Dostoevsky Versus Georgy


R.F. Georgy has written one of the most powerful novellas since Dostoevsky’s Notes from the Cafe .Dostoevsky’s Underground Man is a miserable sort who lashes out against the nineteenth century. Georgy, in a compelling and provocative manner, brings back the Underground Man, in the form of the Cafe Dweller, in order to observe the digital age. The result is a chilling commentary on the information age. Our obsession with technology is reducing us to intellectual idiots. Information, according to Georgy “Paints no picture, sings no song, and writes no poem.” I must admit this is one of the most powerful statements I’ve ever read concerning the information age. You might call Georgy a Neo-Luddite who harbors a certain disdain for a world that is constantly distracted by texting, social media, and an infinite supply of information. Georgy argues that science has “become the ipso-facto intellectual authority of our time.” He sees us as living in an age where “information is confused for knowledge, actors and sports players are mythological heroes, and mediocrity is a virtue. Once Georgy is done debunking our utopia as an illusion, he proceeds to take on Nietzsche’s infamous God is dead declaration by differentiating between the God of philosophy and the God of the masses. In one of the most powerful statements concerning the loss of faith, Georgy declares:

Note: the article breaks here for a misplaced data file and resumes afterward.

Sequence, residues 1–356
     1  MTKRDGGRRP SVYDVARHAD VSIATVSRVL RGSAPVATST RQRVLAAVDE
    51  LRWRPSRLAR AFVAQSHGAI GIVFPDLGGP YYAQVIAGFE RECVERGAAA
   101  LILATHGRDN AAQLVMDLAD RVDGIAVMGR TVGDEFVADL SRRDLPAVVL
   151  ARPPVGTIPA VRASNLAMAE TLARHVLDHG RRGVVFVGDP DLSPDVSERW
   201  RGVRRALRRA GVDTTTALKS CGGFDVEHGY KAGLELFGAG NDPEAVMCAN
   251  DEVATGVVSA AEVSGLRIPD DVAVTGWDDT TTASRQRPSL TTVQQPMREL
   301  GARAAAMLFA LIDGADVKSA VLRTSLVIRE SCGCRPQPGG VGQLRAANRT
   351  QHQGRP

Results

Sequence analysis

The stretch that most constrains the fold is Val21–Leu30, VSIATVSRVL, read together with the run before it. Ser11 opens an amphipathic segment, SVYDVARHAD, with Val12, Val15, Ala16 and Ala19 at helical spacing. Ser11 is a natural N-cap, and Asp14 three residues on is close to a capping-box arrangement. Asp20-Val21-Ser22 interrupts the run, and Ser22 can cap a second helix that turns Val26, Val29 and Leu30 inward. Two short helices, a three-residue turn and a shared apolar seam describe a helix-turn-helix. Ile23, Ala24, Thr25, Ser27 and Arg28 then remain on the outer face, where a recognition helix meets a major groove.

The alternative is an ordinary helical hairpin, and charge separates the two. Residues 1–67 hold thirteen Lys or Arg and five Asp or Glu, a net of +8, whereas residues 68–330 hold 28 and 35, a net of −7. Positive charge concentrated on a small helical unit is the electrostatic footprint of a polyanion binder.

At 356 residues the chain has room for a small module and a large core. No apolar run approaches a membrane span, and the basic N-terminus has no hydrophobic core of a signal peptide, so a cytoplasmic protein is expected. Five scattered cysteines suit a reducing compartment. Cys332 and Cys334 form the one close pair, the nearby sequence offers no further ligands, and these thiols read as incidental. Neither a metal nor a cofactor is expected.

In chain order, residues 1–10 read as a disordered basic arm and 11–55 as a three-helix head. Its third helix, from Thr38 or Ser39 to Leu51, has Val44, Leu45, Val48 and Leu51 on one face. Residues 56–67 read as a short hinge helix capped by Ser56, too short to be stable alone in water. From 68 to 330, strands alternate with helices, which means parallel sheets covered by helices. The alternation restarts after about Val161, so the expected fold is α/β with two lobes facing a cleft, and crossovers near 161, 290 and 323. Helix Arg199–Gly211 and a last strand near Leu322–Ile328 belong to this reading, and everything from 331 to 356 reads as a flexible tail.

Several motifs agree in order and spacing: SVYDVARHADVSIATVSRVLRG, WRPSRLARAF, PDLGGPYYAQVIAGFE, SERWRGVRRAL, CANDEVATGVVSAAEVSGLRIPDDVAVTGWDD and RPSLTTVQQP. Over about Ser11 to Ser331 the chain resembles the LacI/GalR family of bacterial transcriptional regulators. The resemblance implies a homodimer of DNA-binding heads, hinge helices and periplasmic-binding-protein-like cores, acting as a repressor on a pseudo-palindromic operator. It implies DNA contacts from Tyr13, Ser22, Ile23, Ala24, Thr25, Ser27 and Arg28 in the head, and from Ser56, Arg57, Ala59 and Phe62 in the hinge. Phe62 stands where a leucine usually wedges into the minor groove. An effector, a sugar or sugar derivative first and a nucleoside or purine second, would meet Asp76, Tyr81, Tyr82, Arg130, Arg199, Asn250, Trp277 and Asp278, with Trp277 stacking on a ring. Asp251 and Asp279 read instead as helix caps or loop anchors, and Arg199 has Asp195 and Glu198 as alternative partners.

“The God of philosophy became an unnecessary hypothesis. God was a problematic figure and a burden. If Philosophers couldn’t accommodate him, then it was easier to get rid of him altogether. In order to resolve his insoluble nature, God was axiomatically removed from the world of serious discourse. As philosophers were busy reducing God to an irrelevant construction, the rest of us continued to cling to the nostalgic memory of a divine force who gave meaning to our miserable lives. Philosophy, with all of its intellectual sophistication, was incapable of posing any serious threat to the God of the masses. No gentlemen, philosophy merely paved the way for a much more powerful force. As soon as science began to flex its muscle and dazzle us with its technological wizardry, God was in trouble.”

Notes from the Cafe is not simply another novella; rather it is an intellectual tour de force by a writer who found a way to communicate one of the most compelling indictments against the digital age. Aldous Huxley, in Brave New World, predicted a dytopian future where science and technology would keep us distracted by offering us the illusion of progress. We are today living proof of Huxley’s vision and Georgy is peeling away the layers of deception. This book is a must read for anyone who is exhausted by the onslaught of information.


Source by Jon Irving

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